by Dr. Dilpreet Bajwa

Mechanical Engineering, North Dakota State University

Building products, construction and the furniture industry are the largest users of particleboards. The particleboard market grew at the rate of 6% during 2009-2016 period, reaching $17 billion in 2016. Typically, particleboard is made from wood particles, adhesive (glue) and wax. There are different types of glue that can be used to bind wood particles. The most common types of glue are fossil fuel derived, such as phenol formaldehyde, urea formaldehyde, melamine formaldehyde and methylene diphenyl diisocynate (MDI). They are widely popular as they are economical, abundant and their performance characteristics are well understood.

One of the major issues with formaldehyde types of glue is the formaldehyde emission. In 1987, the U.S. Environmental Protection Agency (EPA) classified formaldehyde as a probable human carcinogen. Formaldehyde is reported to cause allergies, asthma and reaction with skin. The 2010 Formaldehyde Emission Standard for Composite Wood Products brought formaldehyde emissions under the Title VI, Toxic Substance Control Act. Thereafter, the quest for natural, safe and reliable glue alternatives that can be used as a binder in particle boards started.

NDSU Graduate Student, Joshua Liaw, presses the particleboard into shape.

Natural feedstocks for manufacturing glues include proteins, starches, gums, plant oils and etc. Epoxidized plant oils have become popular feedstocks for manufacturing glues as they are locally available, abundant and reliable. However, some weaknesses in these glues are their performance and cost. Plant oil derived glues are expensive, susceptible to moisture and have a short shelf life, therefore, they haven’t reached their full potential. There is continuing research and development efforts to improve the quality and performance of these resins.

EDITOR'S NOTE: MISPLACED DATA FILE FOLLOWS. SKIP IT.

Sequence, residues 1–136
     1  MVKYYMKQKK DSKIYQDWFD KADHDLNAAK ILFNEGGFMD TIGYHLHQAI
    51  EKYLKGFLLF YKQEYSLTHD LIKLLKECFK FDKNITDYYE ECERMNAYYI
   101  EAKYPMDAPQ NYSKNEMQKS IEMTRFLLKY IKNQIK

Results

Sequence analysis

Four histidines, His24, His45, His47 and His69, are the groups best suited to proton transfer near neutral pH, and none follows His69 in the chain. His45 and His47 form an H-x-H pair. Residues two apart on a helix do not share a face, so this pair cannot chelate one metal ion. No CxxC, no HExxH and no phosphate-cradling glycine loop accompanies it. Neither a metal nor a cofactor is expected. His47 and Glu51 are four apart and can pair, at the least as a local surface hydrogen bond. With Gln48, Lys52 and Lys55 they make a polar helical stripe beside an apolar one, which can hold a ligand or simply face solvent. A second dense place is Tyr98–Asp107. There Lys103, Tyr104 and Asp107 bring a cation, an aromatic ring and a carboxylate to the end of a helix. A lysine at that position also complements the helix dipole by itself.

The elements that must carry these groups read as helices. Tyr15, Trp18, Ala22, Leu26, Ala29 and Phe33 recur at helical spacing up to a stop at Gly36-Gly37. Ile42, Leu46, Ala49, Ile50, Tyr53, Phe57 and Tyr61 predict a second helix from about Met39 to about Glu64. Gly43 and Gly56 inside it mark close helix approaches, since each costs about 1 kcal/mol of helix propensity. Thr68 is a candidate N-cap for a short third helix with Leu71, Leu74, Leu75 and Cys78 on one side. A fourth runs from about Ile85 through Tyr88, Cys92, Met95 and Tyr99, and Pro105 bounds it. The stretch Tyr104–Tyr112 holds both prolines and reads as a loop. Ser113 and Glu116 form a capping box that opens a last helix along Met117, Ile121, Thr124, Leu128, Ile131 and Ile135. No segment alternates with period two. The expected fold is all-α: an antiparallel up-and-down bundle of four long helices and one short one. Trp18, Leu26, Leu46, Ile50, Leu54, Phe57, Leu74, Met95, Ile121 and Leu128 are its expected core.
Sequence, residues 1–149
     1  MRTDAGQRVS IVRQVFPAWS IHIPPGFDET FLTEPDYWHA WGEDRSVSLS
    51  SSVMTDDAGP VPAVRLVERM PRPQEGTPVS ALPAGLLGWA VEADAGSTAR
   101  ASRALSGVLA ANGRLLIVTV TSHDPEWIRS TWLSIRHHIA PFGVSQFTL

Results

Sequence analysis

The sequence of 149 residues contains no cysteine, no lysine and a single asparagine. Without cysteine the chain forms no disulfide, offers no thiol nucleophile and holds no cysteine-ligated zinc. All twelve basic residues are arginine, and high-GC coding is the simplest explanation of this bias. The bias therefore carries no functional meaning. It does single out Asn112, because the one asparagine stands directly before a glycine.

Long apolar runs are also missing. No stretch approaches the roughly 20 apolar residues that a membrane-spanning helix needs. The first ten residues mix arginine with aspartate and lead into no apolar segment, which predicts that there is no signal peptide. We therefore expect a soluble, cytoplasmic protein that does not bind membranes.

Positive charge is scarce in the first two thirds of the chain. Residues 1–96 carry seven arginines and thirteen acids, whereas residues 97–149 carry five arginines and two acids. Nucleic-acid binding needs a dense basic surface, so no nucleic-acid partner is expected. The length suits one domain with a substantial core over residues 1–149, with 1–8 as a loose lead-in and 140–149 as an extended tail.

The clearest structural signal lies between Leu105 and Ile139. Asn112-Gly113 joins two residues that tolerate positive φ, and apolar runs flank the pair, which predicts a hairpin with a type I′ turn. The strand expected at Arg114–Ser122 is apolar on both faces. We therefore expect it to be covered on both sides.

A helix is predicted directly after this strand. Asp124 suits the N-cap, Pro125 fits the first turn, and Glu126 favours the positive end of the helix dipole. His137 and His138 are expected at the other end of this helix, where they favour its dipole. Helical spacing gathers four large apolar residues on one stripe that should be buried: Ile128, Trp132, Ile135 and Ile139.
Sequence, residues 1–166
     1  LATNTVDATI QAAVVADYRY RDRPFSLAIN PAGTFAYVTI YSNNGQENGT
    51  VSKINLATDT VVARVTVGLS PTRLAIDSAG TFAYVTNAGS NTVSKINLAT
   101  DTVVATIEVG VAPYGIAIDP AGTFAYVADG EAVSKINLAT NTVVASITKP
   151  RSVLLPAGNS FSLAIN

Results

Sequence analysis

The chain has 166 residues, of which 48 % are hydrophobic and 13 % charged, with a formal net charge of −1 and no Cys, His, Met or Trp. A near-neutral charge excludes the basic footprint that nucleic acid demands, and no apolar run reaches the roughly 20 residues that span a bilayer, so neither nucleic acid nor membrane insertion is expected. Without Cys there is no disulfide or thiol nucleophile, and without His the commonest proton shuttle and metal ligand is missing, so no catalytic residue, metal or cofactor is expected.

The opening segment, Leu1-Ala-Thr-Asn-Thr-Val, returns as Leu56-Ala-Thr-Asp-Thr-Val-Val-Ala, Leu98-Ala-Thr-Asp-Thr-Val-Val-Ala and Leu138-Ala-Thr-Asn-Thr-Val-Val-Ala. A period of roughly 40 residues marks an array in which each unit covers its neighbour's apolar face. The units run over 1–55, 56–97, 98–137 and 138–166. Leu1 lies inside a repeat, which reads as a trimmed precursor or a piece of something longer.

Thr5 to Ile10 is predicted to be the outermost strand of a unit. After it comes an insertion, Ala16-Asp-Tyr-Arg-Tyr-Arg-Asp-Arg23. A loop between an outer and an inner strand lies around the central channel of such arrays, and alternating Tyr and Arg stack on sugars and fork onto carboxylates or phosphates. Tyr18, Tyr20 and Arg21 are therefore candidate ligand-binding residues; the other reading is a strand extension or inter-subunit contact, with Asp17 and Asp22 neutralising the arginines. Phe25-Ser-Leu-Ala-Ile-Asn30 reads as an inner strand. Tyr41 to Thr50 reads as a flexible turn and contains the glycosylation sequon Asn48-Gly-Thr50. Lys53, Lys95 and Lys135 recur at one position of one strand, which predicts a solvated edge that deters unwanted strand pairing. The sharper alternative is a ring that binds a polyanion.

At North Dakota State University our group is exploring another abundant raw material, corn distillers dried grains with solubles (DDGS), a byproduct from ethanol plants as a source of natural glue and fibers in the particleboards. DDGS contains roughly 30% proteins, 13% fat and 39% fibers. The research began four years ago with funding from North Dakota Corn Utilization Council to explore the potential of DDGS as value added filler in particleboards. The results of our first study (published in Industrial Crops and Products) showed that DDGS can help to reduce the amount of glue and wax in the particleboards. This information helped us to believe that zein proteins in DDGS carry the potential to act as binders in particleboards. Since DDGS proteins are globular and inert their surface needs to be functionalized, so they can couple with wood particles. We selected sodium hydroxide (alkali), acetic acid and formic acid to treat DDGS proteins. The process of functionalizing DDGS involved micronizing DDGS to 120 and 250 micrometer particles to increase their surface area followed by acid or alkali treatment. The treated DDGS were blended with pine wood flour at 10, 25 and 50 % rate and hot pressed into particleboards.

Dr. Bajwa compares control particleboard (bottom) to a piece developed with corn based adhesive (top).

The results of this project showed that DDGS proteins can be decoupled by acid and alkali treatments. Chemical concentration of acid and alkali influenced the flexural and internal bond strength of particleboards. Acetic acid treated DDGS at 50 weight % filler content exhibited best water resistance. Superior flexural properties of particleboards occurred when pressed at 190 °C, identical to commercial processing conditions. Test results also showed that the internal bond strength exceeded the minimum requirement by the ANSI A208.1-2009 standard. This research verified that DDGS have strong potential to act as a natural adhesive for manufacturing medium density particleboards. The results of this project led to the filling of an invention disclosure in July 2018 with NDSU Technology Transfer office. For more information please contact – .